[From “In the Beginning” by Walt Brown
http://www.creationscience.com/onlin...iences27.html]
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Old 01-27-11   #213
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Fossil Gaps 11

“It has long been hoped that extinct plants will ultimately reveal some of the stages through which existing groups have passed during the course of their development, but it must be freely admitted that this aspiration has been fulfilled to a very slight extent, even though paleobotanical research has been in progress for more than one hundred years. As yet we have not been able to trace the phylogenetic history of a single group of modern plants from its beginning to the present.” Chester A. Arnold, An Introduction to Paleobotany (New York: McGraw-Hill, 1947), p. 7.

“... to the unprejudiced, the fossil record of plants is in favour of special creation. If, however, another explanation could be found for this hierarchy of classification, it would be the knell [the death signal] of the theory of evolution. Can you imagine how an orchid, a duckweed, and a palm have come from the same ancestry, and have we any evidence for this assumption? The evolutionist must be prepared with an answer, but I think that most would break down before an inquisition. Textbooks hoodwink.” E. J. H. Corner, “Evolution,” Contemporary Botanical Thought, editors Anna M. MacLeod and L. S. Cobley (Chicago: Quadrangle Books, 1961), p. 97.

[From “In the Beginning” by Walt Brown
http://www.creationscience.com/onlin...tml#wp1084982]
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Old 01-27-11   #214
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I appreciate all of this, but may I suggest a barrel roll?
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Old 01-31-11   #215
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Fossil Gaps 12

“The absence of any known series of such intermediates imposes severe restrictions on morphologists interested in the ancestral source of angiosperms [flowering plants] and leads to speculation and interpretation of homologies and relationships on the basis of the most meager circumstantial evidence.” Charles B. Beck, Origin and Early Evolution of Angiosperms (New York: Columbia University Press, 1976), p. 5.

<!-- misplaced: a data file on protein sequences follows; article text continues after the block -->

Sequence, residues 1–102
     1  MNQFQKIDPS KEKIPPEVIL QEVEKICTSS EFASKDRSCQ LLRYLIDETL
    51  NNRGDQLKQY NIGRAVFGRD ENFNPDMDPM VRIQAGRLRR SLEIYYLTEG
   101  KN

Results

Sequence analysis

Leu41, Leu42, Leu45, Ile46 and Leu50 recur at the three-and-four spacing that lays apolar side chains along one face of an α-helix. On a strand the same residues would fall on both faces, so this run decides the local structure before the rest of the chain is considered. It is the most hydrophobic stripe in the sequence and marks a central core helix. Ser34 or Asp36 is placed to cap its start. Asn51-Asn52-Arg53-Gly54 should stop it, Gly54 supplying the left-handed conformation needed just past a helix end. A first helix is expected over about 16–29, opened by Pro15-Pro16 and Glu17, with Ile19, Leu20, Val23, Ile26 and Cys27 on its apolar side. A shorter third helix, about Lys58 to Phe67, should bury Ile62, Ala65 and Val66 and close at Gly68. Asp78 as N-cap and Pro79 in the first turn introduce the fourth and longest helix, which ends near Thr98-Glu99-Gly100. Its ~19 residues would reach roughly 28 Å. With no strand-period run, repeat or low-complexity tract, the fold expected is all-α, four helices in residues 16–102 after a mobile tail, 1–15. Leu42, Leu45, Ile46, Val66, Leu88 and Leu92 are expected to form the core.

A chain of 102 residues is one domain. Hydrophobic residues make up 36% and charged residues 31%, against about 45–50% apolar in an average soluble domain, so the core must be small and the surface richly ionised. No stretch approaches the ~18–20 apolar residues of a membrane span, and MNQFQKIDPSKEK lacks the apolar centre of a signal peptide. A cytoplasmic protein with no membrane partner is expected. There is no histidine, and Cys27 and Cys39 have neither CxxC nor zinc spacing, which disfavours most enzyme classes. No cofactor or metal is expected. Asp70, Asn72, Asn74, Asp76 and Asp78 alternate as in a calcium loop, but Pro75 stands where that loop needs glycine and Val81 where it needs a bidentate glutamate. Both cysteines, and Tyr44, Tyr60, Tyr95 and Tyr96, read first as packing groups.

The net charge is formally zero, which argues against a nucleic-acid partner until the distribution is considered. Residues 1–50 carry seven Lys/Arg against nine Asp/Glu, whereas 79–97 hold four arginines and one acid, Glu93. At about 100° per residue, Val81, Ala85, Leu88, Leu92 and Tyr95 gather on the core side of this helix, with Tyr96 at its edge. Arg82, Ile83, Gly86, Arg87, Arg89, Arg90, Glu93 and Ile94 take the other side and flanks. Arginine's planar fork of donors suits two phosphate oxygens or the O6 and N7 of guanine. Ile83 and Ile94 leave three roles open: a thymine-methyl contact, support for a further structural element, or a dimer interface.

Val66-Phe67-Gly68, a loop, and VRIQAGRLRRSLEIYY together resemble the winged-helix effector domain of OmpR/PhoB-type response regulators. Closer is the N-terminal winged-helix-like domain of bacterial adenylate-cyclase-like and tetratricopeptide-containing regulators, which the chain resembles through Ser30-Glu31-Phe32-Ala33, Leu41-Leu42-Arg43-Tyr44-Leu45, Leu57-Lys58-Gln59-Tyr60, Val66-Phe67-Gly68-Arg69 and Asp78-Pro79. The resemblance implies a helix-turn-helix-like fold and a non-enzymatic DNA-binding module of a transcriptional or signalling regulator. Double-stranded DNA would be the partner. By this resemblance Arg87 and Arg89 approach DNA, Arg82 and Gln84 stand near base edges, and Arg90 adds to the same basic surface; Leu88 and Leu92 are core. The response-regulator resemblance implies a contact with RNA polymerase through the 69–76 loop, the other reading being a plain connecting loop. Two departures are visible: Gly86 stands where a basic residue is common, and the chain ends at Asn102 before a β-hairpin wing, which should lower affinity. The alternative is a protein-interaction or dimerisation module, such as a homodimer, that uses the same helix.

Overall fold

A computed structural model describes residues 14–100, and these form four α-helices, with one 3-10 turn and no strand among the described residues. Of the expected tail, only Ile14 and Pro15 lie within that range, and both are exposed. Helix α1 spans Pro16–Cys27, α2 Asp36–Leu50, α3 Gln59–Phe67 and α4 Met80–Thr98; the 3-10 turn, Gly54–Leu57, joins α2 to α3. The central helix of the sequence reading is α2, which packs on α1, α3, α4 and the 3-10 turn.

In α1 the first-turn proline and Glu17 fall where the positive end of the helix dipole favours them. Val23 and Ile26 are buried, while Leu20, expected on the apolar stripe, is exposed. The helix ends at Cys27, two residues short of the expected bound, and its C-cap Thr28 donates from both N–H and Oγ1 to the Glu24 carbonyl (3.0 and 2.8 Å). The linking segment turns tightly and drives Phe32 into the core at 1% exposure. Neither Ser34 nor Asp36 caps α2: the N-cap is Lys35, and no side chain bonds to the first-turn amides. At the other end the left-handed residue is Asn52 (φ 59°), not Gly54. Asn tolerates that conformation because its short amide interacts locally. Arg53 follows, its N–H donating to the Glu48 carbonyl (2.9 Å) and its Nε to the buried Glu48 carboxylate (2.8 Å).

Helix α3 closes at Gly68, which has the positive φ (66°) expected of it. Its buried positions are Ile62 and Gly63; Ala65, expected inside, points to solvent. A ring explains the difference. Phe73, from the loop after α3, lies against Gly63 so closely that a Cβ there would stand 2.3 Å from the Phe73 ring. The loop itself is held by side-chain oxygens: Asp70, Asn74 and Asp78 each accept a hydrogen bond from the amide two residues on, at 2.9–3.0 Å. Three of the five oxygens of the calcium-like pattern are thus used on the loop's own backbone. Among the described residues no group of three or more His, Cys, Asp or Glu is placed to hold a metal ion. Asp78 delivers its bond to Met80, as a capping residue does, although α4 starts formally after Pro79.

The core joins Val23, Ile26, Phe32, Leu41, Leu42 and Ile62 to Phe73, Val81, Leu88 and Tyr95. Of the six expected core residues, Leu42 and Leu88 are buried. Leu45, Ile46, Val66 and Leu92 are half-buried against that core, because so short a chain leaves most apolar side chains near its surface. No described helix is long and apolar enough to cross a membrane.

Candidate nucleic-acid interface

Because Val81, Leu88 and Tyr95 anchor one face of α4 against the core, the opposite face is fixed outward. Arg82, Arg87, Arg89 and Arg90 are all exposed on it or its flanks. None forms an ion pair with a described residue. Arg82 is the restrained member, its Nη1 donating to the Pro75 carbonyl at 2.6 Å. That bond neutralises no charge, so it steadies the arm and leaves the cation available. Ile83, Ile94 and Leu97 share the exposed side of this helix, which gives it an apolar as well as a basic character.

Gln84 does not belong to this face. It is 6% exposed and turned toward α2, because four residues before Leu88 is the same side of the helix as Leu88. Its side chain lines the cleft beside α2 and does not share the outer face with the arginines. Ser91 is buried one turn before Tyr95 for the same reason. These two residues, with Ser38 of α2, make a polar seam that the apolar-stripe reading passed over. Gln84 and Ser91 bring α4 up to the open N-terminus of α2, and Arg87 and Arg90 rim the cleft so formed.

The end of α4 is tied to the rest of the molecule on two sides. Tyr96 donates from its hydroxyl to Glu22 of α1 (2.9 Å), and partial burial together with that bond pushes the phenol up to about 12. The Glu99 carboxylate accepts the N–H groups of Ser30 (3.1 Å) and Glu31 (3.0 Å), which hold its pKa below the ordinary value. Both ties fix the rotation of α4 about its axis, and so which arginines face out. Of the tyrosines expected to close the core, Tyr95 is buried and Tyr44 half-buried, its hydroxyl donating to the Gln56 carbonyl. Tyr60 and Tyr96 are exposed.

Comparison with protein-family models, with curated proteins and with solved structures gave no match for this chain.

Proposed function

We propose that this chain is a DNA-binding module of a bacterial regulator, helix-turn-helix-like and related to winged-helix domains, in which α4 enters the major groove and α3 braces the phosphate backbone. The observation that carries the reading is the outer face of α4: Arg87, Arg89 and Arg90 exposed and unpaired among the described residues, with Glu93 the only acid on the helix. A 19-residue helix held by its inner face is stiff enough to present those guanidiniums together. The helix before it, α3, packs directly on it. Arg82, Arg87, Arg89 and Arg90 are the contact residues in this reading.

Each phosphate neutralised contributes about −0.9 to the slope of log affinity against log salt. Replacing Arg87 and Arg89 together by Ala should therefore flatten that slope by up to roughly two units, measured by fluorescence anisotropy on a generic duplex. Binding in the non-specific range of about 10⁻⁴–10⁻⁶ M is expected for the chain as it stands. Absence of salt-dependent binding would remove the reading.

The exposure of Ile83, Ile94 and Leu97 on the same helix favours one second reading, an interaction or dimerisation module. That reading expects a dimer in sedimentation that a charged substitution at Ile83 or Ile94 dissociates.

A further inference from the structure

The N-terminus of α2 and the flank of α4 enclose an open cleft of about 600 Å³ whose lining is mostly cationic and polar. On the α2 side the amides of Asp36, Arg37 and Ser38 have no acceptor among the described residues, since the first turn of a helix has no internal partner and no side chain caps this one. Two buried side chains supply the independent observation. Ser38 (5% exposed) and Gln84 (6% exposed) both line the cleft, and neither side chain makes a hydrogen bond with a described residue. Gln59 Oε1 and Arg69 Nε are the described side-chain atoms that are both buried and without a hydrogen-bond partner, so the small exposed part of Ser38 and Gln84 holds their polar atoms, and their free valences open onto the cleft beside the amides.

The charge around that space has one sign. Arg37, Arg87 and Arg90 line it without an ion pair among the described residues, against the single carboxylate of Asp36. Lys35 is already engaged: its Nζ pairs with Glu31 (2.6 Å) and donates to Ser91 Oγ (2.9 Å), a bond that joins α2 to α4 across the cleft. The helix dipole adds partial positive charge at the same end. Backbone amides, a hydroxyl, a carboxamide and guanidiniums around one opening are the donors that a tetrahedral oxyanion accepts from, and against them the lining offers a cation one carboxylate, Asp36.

“The origin of angiosperms, an ‘abominable mystery’ to Charles Darwin, remained so 100 years later and is little better today.” Colin Patterson et al., “Congruence between Molecular and Morphological Phylogenies,” Annual Review of Ecology and Systematics, Vol. 24, 1993, p. 170.

[From “In the Beginning” by Walt Brown
http://www.creationscience.com/onlin...tml#wp1084982]
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Old 02-01-11   #216
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So what you are quoting Pahu is your real name is Philis... PILLIS FULL OF SHIT!
BORING!
OLD NEWS
GEY!
LAME!
HOMOSEXUAL

None of this seems to sway the fucking nutter into stop fucking quoting shit in blue text...
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Old 02-01-11   #217
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Fossil Gaps 13


d. “The insect fossil record has many gaps.” “Insects: Insect Fossil Record,” Britannica CD, Version 97 (Chicago: Encyclopaedia Britannica, Inc., 1997).

e. Speaking of the lack of transitional fossils between the invertebrates and vertebrates, Smith admits:

“As our present information stands, however, the gap remains unbridged, and the best place to start the evolution of the vertebrates is in the imagination.” Homer W. Smith, From Fish to Philosopher (Boston: Little, Brown, and Co., 1953), p. 26.

“How this earliest chordate stock evolved, what stages of development it went through to eventually give rise to truly fishlike creatures we do not know. Between the Cambrian when it probably originated, and the Ordovician when the first fossils of animals with really fishlike characteristics appeared, there is a gap of perhaps 100 million years which we will probably never be able to fill.” Francis Downes Ommanney, The Fishes, Life Nature Library (New York: Time, Inc., 1963), p. 60.